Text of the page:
Tuesday, June 27, 2017

With Billions In Proposed Cuts, Medicaid Waivers May Be At Risk

The health care proposal in the U.S. Senate would slash $772 billion from Medicaid in the next decade, the Congressional Budget Office said, seriously compromising services for people with disabilities.
The nonpartisan budget office said Monday that, if adopted, the Senate bill will trigger continuing disparities in federal support for Medicaid.
By 2026, annual spending on the program would be 26 percent lower than under current policy, according to the projections. And that gap would continue to compound over time.
“Despite the uncertainty, the direction of certain effects of this legislation is clear. For example, the amount of federal revenues collected and the amount of spending on Medicaid would almost surely both be lower than under current law,” the Congressional Budget Office found.

The cuts would be especially significant to people with disabilities who represent just 15 percent of Medicaid beneficiaries, but account for 42 percent of the program’s costs, according to the Kaiser Family Foundation. In addition to traditional health care services like doctor and hospital visits, Medicaid provides assistance for people with disabilities to live and work in the community.

Both the Senate bill and a version passed by the House of Representatives in May call for historic changes to Medicaid. Traditionally, the program has operated as an entitlement meaning services are provided to anyone who meets eligibility requirements, with the federal government providing matching grants to states to help cover the cost.
Under the Republican plans, however, Medicaid would shift to a per capita cap system where the federal government would provide a fixed amount for each beneficiary no matter how much their care truly costs. States would be left to make up the difference.
“With less federal reimbursement for Medicaid, states would need to decide whether to commit more of their own resources to finance the program at current-law levels or to reduce spending by cutting payments to health care providers and health plans, eliminating optional services, restricting eligibility for enrollment through work requirements and other changes or (to the extent feasible) arriving at more efficient methods for delivering services,” the Congressional Budget Office determined.
States would likely resort to a “mix of those approaches,” the budget office said.
Disability advocates have warned that home and community-based services for people with disabilities would be the first to go because they are considered optional under Medicaid policy.
“Hundreds of billions of dollars of cuts in Medicaid are never acceptable,” said Julia Bascom, executive director of the Autistic Self Advocacy Network, who indicated that the budget office’s projections are just the tip of the iceberg.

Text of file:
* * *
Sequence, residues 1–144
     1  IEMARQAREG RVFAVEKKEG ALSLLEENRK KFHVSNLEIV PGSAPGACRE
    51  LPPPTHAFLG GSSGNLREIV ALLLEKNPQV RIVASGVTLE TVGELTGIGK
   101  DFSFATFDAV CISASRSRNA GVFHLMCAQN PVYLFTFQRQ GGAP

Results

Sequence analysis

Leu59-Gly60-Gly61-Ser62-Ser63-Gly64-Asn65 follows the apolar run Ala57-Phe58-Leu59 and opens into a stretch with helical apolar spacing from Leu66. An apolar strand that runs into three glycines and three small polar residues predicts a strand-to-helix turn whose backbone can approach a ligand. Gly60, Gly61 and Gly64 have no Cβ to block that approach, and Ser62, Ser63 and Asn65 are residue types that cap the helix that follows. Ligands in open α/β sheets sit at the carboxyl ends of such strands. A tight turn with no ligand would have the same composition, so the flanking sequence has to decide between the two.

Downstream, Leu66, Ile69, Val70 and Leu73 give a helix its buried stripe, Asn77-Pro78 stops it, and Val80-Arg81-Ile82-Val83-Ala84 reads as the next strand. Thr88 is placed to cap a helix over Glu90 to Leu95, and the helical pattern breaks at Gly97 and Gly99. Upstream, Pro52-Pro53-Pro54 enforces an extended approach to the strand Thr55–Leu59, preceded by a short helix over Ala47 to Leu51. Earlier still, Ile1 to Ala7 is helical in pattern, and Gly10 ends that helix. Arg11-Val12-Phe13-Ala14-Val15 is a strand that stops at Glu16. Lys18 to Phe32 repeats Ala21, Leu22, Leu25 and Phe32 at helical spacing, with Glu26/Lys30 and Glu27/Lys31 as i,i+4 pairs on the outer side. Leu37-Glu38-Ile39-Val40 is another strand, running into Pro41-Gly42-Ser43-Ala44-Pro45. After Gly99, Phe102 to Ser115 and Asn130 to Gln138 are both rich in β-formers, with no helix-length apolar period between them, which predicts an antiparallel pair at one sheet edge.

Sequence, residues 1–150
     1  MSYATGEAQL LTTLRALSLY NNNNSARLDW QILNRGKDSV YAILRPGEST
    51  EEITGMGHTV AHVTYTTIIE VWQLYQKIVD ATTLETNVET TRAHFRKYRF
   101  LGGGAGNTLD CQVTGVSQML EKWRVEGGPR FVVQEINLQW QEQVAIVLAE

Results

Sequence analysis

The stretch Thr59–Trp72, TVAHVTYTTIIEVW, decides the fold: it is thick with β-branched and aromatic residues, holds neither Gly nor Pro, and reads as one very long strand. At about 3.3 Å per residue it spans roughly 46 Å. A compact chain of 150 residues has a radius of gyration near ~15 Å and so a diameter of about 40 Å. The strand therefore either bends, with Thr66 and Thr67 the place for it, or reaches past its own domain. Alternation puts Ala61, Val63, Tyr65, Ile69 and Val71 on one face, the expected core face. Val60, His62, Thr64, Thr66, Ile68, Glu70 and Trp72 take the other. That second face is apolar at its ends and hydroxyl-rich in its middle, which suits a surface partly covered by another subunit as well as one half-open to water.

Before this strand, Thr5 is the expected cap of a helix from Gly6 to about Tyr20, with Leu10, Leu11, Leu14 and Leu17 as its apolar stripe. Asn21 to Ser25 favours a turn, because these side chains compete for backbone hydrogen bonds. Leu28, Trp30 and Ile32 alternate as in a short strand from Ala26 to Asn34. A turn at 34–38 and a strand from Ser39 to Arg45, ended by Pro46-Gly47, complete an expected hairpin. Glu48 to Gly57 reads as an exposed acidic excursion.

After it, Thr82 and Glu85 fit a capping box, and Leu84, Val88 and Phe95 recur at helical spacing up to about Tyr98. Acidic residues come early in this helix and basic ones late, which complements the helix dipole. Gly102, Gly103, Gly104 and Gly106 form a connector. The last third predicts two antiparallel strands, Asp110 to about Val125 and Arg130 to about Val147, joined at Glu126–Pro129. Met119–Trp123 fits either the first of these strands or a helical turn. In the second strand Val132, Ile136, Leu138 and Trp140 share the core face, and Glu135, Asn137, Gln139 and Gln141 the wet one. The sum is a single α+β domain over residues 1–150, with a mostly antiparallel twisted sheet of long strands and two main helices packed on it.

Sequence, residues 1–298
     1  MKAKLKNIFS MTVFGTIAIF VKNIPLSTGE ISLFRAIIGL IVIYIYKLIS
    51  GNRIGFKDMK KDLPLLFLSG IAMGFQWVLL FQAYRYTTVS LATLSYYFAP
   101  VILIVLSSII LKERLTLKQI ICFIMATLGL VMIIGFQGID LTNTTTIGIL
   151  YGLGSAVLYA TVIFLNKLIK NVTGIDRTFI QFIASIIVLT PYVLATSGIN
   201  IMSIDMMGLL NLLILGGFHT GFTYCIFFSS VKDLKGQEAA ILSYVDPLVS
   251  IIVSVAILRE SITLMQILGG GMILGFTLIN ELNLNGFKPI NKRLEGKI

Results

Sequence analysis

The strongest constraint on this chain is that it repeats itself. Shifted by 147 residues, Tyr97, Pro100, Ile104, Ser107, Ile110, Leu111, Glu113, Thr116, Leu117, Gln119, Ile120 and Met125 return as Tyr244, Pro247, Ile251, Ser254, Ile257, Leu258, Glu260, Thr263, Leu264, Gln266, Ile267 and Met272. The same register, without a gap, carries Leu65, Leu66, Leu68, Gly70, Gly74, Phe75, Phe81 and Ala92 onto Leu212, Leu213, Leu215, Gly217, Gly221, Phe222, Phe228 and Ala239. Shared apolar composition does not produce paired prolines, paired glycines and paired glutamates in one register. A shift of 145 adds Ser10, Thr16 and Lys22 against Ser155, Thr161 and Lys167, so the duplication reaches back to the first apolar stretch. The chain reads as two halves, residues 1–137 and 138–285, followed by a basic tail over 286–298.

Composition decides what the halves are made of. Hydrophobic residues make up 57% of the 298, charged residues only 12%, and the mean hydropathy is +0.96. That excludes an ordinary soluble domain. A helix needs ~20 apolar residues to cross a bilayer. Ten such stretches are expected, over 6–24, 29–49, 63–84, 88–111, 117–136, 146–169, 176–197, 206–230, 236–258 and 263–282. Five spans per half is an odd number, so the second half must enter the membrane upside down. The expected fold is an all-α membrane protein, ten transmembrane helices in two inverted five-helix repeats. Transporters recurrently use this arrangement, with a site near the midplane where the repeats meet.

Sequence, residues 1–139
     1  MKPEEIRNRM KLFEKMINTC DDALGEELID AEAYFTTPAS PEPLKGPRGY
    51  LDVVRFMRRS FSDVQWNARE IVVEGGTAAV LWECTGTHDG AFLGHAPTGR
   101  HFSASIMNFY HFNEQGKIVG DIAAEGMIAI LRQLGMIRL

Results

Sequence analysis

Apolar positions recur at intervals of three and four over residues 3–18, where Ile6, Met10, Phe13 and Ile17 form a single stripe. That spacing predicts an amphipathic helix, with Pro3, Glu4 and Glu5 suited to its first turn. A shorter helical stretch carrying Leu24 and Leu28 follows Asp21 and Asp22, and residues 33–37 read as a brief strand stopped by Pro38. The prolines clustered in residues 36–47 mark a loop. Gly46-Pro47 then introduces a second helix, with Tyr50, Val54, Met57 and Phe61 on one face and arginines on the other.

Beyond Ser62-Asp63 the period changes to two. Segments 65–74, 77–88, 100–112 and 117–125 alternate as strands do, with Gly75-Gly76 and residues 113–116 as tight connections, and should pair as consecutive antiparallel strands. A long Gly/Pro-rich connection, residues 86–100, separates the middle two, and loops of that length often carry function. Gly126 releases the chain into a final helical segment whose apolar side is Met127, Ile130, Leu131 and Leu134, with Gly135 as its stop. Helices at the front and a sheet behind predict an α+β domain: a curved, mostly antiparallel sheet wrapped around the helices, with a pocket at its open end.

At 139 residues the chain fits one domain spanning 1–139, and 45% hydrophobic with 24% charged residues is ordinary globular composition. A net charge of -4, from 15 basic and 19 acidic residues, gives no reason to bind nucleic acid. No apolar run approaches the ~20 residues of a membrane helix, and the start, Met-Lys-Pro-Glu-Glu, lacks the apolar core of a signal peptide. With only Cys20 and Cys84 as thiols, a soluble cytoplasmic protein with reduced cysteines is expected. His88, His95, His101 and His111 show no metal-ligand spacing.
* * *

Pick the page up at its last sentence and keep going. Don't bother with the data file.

“If you look at the bill, you can see they’ve hidden the deepest cuts in the years following CBO’s 10-year window,” Bascom said. “People with disabilities cannot afford this bill."

Saturday, June 24, 2017

Action Alert : Weekend Action Needed to #SaveMedicaid

Weekend Action to #SaveMedicaid

The Senate released its bill, the Better Care Reconciliation Act, to repeal the Affordable Care Act and to make deep cuts and caps to the Medicaid program.  This bill, if it becomes law, would have the biggest and most devastating impact on health and community services for people with disabilities in 25 years.  The Senate could pass the bill as soon as Thursday, June 29.  If this terrible bill is passed by the Senate, it could easily and quickly be passed by the House and signed into law! AUCD must join in coalition with other disability and civil rights groups in your states to educate Senators this weekend, Monday and Tuesday.  Time is of the essence!

The Senate bill continues the deep cuts to Medicaid (by more than $800 billion over 10 years).  In addition, Medicaid funding would be allocated based on a per capita cap formula and the growth rate is slower than the House bill (starting in 2025).  Like the House bill, the Senate bill ends the Medicaid expansion that covered 11 million people, including those with disabilities.  The Senate bill makes it even easier than the House bill to seek waivers of essential health benefits and will lead to the return of annual and lifetime coverage limits.
In sum, the Better Care Act is NOT Better but even worse for people with disabilities and all Americans.
The Congressional Budget Office (CBO) is expected to release its coverage and cost estimates of the bill on Monday.  Senators would be irresponsible to vote on a bill next week without analyzing the CBO score and the impact on states and getting feedback from key stakeholders.
Take Action:
Call your Representative/Senator/Member of Congress:
1.      Find out where your Senators are this weekend and visit them! 
2.      Find events near you on https://townhallproject.com/
3.      Visit state offices, organize rallies, vigils, sit-ins.
4.      Call office repeatedly. Dial 866-426-2631 (toll free) and ask for the office of your Senators.
Message: The Senate bill, Better Care Act, would seriously threaten health and home and community-based services and supports for people with disabilities. 

·         Before taking any action on the Senate bill, please analyze the Congressional Budget Office (CBO) estimates on coverage and cost .
·         This bill massively shift costs onto states, which will be forced to either raise taxes and/or severely restrict access to services that help people with disabilities live, work and play in the community. 
·         Changes to Medicaid should not be made to pay for unrelated health care reform efforts.